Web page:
I am a very ordinary parent. In almost every day I experience both good and bad mother moments. I’m a proponent of the good-enough parenting approach. This means that I have chucked out the notion of perfection and adhere to the idea that I will always be attempting to be the best parent that I can be.
When I’m tired, hungry or resentful about something, the best I can be does not climb to any dizzy heights. I can be snappy, childish and irritable.
When I’m in the flow and feeling relaxed and organised, the best parent I can be is much better. I can be patient, light hearted and measured.
I am a very ordinary parent. I have triumphant moments and I have disasterous moments. And all parents do. The skill of parenting is how we manage them and how we learn from them.
The role of parent creates many tides to which mums and dads are subjected. In my house these include how well or how badly my daughters are are getting on, how far through the school term we are and therefore how tired or fresh the children are, how rushed we are to get ready to go somewhere, how tidy my house is, how much the children like the dinner I’ve made, the state of the Icelandic economy . . . OK, not that one, but thousands of tiny and massive issues and their fluctuations affect me, my children, my husband, my work, my social life and all of the other systems I’m a part of.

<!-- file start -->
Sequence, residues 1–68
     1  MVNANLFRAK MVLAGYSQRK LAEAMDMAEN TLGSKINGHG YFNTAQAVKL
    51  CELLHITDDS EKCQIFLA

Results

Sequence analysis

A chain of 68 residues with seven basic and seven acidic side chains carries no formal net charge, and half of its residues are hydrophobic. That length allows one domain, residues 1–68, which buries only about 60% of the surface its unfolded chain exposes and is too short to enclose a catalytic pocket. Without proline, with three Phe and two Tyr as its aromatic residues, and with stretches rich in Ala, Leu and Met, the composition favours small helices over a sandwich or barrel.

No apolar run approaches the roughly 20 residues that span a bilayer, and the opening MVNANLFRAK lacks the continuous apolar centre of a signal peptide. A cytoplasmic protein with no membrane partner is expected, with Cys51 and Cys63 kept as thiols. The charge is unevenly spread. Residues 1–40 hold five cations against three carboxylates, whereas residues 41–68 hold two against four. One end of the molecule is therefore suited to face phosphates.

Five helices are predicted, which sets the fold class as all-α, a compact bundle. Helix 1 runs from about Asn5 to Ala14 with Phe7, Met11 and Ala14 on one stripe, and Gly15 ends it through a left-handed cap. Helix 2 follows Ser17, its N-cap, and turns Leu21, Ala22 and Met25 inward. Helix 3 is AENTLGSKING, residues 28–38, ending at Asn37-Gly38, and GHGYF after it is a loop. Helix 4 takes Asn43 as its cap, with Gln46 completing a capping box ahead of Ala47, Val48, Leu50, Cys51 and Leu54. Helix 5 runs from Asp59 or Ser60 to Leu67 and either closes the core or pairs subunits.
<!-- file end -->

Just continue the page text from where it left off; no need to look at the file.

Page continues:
But I do have a habit that keeps me in check and that makes the ebb and flow of my own mood, wellbeing and stress levels have a minimal effect on my children. This habit will not let me vent the full force of my temper or frustration. In my work I sometimes see the effects of an unpredictable and emotionally-unsafe family life . Within a certain range, we should be able to predict the behaviour of our family members towards us. When children or a partner can’t tell if the same event will cause them to be hit one day and smiled at another, they are damaged by it, because they can’t predict the consequences of their words or actions.
The habit that helps me keep an even keel beneath the journey my children are taking through childhood is reflection.
I pause or I stop. I notice what made a bad or a good mother moment. I take out a bit of learning from the event, about something I will repeat again or about something I will avoid doing next time. I take note of how I or someone else was behaving or feeling before the event so I learn more about our responses. And I decide what I will do in similar situations in the future.
Because life is a patchwork quilt of your triumphant, disastrous and ordinary moments.
And because you are human, you will learn, change and grow from the experiences.
And if you reflect on the experiences you have, then the change will be in the direction of positive growth on the whole.